Italian lender Unicredit could be poised to strike with a rival bid for Commerzbank should merger talks with Deutsche Bank break down.
Italy’s second-biggest bank is preparing a multi-billion-euro offer as Germany’s two biggest lenders continue talks, the Financial Times reported.
Deutsche Bank has reportedly faced troubles in its discussions and Unicredit has developed plans to buy a large stake in Commerzbank and merge it with another German lender under its ownership, HypoVereinsbank.
Deutsche Bank and Commerzbank began exploratory merger talks last month after Berlin signalled it would not object to any necessary cost cuts or job losses.
Berlin has pushed for the merger to create a national banking champion after becoming concerned over the health of both banks.
The merged bank would become the Eurozone’s second largest lender behind BNP Paribas, with around €1.9 trillion (£1.6 trillion) in assets and a market value of €25bn.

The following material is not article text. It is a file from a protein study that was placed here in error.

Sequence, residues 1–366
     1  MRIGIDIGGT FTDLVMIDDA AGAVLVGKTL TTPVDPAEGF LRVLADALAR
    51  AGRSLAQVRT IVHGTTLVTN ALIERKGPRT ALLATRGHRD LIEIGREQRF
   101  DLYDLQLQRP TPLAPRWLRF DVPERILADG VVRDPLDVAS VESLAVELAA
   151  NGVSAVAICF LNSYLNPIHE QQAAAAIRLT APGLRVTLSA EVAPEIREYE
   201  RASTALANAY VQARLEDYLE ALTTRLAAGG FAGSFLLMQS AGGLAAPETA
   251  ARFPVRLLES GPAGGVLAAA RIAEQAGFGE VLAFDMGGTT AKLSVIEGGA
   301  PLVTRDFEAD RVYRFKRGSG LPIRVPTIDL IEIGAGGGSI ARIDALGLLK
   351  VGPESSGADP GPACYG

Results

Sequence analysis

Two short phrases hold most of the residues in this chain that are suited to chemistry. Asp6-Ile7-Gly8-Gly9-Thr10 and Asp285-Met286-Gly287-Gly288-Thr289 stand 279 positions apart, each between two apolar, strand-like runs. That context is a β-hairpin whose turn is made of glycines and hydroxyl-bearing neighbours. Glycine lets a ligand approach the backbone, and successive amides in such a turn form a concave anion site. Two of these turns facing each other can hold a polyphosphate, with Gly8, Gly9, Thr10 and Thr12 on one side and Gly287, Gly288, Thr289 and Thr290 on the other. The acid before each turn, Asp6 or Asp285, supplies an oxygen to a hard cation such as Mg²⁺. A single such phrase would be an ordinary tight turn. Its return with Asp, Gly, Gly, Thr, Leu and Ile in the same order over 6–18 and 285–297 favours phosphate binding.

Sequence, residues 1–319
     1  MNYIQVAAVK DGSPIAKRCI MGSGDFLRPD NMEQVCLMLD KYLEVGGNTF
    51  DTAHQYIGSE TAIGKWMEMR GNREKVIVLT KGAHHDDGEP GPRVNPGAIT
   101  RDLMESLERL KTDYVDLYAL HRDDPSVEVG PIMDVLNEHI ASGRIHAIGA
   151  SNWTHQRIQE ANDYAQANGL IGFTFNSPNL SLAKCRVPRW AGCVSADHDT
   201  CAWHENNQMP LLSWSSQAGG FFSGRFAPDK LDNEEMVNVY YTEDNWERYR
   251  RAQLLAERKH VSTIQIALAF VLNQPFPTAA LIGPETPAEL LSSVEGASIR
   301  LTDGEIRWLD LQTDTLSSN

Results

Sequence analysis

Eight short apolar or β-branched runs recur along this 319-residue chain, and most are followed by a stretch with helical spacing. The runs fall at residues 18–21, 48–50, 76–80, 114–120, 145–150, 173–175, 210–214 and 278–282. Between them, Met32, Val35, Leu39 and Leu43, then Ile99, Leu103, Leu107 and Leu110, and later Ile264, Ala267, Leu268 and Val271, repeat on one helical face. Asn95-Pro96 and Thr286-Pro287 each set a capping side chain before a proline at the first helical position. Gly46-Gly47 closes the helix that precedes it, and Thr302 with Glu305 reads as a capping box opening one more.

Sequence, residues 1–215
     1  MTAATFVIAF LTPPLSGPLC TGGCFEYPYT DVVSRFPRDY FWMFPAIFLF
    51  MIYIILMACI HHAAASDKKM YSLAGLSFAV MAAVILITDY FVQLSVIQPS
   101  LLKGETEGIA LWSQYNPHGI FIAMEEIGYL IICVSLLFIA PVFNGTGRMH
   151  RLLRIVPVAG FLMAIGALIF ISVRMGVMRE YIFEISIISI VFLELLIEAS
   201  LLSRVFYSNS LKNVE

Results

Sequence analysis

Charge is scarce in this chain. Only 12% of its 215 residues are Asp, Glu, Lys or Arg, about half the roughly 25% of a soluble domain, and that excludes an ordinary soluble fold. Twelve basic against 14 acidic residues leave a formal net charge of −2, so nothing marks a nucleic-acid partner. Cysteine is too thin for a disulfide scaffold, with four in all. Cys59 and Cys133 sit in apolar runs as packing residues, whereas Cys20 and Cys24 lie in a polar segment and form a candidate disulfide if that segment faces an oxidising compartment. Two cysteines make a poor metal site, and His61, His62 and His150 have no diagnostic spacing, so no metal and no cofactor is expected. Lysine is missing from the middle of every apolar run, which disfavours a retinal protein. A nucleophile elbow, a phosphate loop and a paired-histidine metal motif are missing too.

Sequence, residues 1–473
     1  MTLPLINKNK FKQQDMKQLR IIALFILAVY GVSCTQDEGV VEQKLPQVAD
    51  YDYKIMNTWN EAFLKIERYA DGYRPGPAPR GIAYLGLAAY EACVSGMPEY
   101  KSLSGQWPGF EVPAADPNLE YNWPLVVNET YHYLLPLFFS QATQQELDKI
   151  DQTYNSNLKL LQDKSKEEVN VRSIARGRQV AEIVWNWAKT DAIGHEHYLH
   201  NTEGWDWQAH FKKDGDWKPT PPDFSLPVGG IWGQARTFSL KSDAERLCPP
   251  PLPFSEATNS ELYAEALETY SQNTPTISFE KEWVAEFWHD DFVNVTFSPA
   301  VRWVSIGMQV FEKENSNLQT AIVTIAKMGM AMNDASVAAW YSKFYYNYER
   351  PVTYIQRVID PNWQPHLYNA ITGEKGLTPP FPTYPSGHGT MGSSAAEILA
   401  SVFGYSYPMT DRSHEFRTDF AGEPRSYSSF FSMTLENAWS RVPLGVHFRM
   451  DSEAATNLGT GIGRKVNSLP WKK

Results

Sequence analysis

But the potential tie-up has faced opposition from trade unions as well as major investors.
Deutsche Bank shares also slid further following reports it had discussed raising up to €10bn fresh equity as part of the Commerzbank deal.
CMC Markets analyst Michael Hewson said a deal between Unicredit and Commerzbank “made more sense” but would face a number of obstacles.
He said: “Firstly it’s based on the current talks between Deutsche Bank and Commerzbank breaking down.
“But even if that does happen – which seems likely given trade union opposition as well as the prospect of having to raise extra capital – they will also have to convince the German government, which owns a 15 per cent stake in the German lender.”
He added: “The bigger question is whether this is a wise move given the concerns about the Italian banking sector, the low profitability of the German banking sector, and the prospect that interest rates are likely to remain anchored to the floor for years to come.”